Under the people-centric economic stimulus package that the Government recently announced in the wake of Covid-19, RM600mil was allocated to provide free Internet data usage to all Malaysians throughout the MCO period.

An additional RM400mil was also invested in improving network coverage and capacity to provide high availability and quality telecommunications networks.

Other aspects of the stimulus will also help companies reduce operating costs. This includes tiered discount for electricity rates – ranging from 15% to 50% for April until September 2020; reduced rate of employer contribution to the Employee Provident Fund (EPF); and wage subsidy programmes.

Malaysia, home to over 600 GBS companies, has proven its mettle in rising to the challenge of transitioning organisations into remote working arrangements.

For example, contact centres – one of the main components of the nation’s GBS industry – have moved from business as usual to work-from-home mode within a short span of time.

“The key here is our high-quality digital connectivity in Malaysia, ” said Contact Centre Association of Malaysia (CCAM) president Raymond Devadass.

“With the Internet user penetration in Malaysia now at over 85% and having already deployed the fibre network across urban and sub-urban areas, the contact centre industry has been able to quickly integrate work and home domains, ” he said.

This, in many ways, reinforced the notion that the availability of high-quality digital connectivity to homes is very crucial.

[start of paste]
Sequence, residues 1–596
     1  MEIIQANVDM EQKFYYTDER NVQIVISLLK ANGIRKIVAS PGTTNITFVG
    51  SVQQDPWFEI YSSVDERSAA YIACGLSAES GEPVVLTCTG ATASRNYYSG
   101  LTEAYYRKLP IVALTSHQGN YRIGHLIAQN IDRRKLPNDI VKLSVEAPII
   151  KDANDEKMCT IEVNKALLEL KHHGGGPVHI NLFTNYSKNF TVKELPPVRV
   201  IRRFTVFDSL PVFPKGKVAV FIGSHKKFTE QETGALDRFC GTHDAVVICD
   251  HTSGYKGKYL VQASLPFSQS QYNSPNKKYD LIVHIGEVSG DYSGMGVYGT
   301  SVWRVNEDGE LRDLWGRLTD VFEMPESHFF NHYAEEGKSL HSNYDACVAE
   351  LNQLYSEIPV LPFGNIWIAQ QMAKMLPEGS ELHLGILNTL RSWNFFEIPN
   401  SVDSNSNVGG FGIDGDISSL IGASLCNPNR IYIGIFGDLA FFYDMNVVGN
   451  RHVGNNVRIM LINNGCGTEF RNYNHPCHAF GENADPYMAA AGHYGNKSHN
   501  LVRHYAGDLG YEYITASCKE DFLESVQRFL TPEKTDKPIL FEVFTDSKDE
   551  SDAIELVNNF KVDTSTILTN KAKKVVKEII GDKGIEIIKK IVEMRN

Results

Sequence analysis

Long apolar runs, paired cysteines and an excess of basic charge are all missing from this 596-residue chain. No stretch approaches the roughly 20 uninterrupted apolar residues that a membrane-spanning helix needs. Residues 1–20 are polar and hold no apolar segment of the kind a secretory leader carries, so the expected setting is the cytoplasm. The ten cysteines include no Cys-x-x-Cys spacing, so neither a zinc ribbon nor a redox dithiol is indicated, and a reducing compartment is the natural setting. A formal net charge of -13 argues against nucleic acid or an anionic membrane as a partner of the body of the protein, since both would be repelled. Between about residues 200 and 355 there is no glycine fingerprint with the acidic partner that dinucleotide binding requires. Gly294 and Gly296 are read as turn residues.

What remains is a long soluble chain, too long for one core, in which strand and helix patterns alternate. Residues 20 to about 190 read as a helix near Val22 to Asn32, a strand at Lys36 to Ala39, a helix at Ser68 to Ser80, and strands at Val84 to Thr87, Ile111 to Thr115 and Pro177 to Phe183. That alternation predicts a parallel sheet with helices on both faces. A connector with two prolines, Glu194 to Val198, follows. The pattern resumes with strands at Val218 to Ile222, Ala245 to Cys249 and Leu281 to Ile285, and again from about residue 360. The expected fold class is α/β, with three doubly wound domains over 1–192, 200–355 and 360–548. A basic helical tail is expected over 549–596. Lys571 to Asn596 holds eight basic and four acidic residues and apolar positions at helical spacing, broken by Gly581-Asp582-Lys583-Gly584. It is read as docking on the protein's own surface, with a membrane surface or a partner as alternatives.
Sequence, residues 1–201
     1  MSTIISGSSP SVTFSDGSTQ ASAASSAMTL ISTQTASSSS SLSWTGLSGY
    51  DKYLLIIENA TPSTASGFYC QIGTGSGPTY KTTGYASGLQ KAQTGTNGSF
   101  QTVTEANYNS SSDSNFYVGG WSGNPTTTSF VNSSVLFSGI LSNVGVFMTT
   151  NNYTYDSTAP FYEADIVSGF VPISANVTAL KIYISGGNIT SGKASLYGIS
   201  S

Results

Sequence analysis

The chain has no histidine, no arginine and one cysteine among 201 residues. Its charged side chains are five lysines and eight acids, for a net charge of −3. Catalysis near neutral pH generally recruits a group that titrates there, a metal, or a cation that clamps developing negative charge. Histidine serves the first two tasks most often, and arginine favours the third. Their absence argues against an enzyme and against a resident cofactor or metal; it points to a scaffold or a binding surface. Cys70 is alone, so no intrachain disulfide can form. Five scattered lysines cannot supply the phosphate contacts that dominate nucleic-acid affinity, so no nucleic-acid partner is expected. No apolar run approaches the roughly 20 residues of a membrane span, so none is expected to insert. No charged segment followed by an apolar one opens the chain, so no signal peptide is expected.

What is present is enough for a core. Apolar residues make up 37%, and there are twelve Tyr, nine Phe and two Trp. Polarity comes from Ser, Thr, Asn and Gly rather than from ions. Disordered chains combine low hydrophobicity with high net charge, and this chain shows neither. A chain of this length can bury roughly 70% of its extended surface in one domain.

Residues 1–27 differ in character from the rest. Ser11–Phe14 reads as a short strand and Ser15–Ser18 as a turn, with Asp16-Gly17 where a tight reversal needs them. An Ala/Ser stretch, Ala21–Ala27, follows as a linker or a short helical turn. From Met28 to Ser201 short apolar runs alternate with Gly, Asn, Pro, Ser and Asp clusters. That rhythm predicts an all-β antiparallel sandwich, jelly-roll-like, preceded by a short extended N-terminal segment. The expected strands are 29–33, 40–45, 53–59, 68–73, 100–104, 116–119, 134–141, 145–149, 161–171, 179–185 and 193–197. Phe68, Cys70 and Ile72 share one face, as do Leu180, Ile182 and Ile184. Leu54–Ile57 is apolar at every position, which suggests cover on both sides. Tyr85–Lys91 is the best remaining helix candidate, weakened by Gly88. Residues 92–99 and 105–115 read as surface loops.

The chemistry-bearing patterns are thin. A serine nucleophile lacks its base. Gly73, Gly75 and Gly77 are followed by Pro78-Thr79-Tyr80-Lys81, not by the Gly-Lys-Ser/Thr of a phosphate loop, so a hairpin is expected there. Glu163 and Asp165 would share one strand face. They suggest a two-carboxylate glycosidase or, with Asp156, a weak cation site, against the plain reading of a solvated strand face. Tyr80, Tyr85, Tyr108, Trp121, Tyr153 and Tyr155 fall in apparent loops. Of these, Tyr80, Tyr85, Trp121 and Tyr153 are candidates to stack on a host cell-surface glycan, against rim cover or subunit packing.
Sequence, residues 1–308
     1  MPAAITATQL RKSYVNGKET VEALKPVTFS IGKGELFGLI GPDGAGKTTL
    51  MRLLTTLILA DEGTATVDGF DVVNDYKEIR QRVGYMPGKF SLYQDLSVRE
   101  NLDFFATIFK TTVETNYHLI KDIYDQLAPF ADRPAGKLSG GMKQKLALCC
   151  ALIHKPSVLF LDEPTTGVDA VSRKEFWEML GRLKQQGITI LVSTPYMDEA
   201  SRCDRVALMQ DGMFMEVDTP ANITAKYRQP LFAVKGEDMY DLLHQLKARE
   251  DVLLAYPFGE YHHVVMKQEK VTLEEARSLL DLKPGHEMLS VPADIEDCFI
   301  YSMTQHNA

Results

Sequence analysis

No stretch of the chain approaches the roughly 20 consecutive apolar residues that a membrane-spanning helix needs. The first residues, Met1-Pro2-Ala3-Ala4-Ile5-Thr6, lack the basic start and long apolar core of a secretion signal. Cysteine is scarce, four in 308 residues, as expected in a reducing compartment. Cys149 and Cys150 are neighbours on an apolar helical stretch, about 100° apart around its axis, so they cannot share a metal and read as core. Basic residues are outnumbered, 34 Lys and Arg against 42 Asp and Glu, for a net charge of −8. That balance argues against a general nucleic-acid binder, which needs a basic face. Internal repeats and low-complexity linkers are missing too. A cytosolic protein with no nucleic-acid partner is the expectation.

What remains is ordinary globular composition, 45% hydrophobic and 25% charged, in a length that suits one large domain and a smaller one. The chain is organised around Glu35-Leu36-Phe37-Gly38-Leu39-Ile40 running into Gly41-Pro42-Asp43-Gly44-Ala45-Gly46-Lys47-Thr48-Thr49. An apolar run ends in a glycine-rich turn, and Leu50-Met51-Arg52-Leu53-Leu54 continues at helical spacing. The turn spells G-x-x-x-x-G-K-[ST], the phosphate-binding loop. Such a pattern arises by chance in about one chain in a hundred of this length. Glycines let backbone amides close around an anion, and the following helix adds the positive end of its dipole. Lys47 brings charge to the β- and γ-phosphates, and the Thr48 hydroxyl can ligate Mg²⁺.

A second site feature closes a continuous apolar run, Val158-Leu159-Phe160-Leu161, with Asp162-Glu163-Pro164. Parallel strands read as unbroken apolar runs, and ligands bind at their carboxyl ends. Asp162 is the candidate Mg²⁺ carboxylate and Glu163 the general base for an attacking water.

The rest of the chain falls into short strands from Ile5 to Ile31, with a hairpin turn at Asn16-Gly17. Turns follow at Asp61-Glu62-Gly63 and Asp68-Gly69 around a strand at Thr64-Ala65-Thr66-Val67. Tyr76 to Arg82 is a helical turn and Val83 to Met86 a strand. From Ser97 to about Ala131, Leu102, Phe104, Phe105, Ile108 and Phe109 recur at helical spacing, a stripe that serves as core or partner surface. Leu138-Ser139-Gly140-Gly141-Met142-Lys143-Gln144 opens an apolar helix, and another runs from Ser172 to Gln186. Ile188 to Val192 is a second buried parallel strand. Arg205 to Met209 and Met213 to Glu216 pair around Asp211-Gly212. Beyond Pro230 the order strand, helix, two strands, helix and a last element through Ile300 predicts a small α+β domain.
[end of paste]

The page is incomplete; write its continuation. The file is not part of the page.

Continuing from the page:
For Raymond, that enabled the global customer support industry to start and expand its current transformative evolution with the use of automation, artificial intelligence and machine learning.

Surina ShukriSurina Shukri

The Malaysia Digital Economy Corporation (MDEC) has also stepped up its efforts to drive these capabilities forward for businesses.

Its ongoing endeavours focus on providing leadership and critical support to various companies and industry ecosystems, enabling them to continue operations during the MCO.

“Besides ensuring communication channels are open between industry players and the Government during MCO, MDEC is also rallying local and foreign tech players in Malaysia to extend their digital solutions and services to both businesses and citizens, ” said MDEC chief executive oficer Surina Shukri.

“All these come under our recently launched #DigitalVsCovid Movement – a digital platform that is wholly dedicated to mitigating the negative impacts of Covid-19.”

The movement already garnered support from hundreds of tech companies. This includes global tech giants that have offered free video conferencing tools to help business owners and management to maximise their work-from-home capabilities.

Future workforce talent

For organisations that want to activate their remote working capability, it requires quality digital infrastructure and a prevalent culture of working from home at both micro (companies) and macro (country) levels.

Malaysia is ahead in South-East Asia as one of the early adopters of remote working arrangements.

A 2013 research report from Regus found that 53% of the country’s workforce were already on flexible working arrangement, well ahead of the global average of 48%.